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‘An important and timely book’ — Philippa Gregory ‘This introduces new readers, in the most accessible and colourful way, to a group of royal women who certainly deserve more public notice than they have hitherto received.’ — Professor Ronald Hutton, author of The Witch: A History of Fear, from Ancient Times to the Present Until the mass hysteria of the seventeenth century, ‘An important and timely book’ — Philippa Gregory ‘This introduces new readers, in the most accessible and colourful way, to a group of royal women who certainly deserve more public notice than they have hitherto received.’ — Professor Ronald Hutton, author of The Witch: A History of Fear, from Ancient Times to the Present Until the mass hysteria of the seventeenth century, accusations of witchcraft in England were rare. However, four royal women, related in family and in court ties – Joan of Navarre, Eleanor Cobham, Jacquetta of Luxembourg and Elizabeth Woodville – were accused of practising witchcraft in order to kill or influence the king. Some of these women may have turned to the dark arts, but the purpose of the accusations was purely political. Despite their status, these women were vulnerable because of their gender as the men around them moved them like pawns for political gains. In Royal Witches, Gemma Hollman explores the lives and the cases of these so-called witches. In a time when the line between science and magic was blurred, these trials offer a tantalising insight of how malicious magic would be used and cause such mass hysteria in centuries to come.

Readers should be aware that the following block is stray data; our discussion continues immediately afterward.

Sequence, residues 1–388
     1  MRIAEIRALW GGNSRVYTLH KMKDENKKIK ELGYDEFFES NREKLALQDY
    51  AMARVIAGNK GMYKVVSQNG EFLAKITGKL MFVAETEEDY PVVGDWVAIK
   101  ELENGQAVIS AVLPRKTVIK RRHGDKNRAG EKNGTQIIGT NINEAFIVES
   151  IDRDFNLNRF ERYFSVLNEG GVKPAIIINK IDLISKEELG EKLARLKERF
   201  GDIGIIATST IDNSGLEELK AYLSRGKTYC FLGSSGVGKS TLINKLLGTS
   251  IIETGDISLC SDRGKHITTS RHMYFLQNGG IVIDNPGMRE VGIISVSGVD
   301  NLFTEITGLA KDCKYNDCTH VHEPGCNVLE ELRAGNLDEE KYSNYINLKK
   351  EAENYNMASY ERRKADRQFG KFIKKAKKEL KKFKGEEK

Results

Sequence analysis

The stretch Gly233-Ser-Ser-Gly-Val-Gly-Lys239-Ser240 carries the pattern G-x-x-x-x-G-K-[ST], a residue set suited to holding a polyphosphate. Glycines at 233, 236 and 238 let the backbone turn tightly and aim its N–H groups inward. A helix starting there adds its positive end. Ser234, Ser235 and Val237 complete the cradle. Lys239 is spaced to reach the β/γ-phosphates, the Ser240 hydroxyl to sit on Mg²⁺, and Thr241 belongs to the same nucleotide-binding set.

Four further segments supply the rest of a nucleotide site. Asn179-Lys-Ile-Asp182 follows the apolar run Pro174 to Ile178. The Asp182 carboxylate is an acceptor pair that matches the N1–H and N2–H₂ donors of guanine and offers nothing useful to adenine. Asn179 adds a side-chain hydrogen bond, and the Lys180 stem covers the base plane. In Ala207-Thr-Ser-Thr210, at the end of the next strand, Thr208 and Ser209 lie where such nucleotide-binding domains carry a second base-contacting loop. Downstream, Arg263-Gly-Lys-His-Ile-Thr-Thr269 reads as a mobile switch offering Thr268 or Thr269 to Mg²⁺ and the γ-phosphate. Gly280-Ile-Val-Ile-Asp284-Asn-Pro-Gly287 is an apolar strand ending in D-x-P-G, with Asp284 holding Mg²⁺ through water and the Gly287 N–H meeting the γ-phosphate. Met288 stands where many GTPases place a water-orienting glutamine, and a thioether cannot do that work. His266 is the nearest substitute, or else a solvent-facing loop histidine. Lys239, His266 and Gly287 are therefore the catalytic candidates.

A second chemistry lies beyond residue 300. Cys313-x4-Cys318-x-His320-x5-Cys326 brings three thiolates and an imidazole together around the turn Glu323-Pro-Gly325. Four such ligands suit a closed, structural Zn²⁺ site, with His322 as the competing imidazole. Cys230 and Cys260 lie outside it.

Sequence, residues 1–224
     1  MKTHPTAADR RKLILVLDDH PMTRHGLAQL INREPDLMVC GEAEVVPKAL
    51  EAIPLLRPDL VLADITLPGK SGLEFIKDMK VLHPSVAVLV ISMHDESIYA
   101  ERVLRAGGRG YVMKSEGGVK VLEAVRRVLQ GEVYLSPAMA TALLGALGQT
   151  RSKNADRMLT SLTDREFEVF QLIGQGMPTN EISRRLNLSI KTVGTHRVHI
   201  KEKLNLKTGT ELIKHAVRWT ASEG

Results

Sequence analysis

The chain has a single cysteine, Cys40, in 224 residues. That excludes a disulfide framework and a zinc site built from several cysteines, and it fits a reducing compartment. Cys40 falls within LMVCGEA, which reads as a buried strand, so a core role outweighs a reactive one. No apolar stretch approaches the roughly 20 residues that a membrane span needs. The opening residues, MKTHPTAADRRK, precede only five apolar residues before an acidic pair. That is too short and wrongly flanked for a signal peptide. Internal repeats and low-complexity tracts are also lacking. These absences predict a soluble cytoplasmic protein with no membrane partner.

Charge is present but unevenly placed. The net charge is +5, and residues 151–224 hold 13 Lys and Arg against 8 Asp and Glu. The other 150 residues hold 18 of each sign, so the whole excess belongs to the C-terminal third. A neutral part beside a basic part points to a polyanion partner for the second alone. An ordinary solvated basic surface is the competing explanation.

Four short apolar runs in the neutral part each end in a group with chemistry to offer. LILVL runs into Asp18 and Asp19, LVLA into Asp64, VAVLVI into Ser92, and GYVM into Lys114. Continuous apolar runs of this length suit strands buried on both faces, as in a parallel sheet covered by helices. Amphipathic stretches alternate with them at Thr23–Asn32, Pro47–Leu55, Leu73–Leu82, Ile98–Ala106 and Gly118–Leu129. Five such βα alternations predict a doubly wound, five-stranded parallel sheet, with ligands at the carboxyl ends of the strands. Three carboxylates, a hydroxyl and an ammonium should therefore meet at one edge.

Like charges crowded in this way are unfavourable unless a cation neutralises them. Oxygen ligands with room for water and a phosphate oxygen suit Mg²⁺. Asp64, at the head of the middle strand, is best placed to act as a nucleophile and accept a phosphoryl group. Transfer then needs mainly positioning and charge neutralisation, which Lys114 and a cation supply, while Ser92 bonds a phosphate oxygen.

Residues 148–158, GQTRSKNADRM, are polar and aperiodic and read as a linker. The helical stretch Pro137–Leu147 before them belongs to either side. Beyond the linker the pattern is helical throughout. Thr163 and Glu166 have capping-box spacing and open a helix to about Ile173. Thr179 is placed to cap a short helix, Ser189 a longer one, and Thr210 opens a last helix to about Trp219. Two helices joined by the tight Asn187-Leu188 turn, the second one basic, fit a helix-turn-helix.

30 review for Royal Witches: From Joan of Navarre to Elizabeth Woodville

  1. 5 out of 5

    Lisa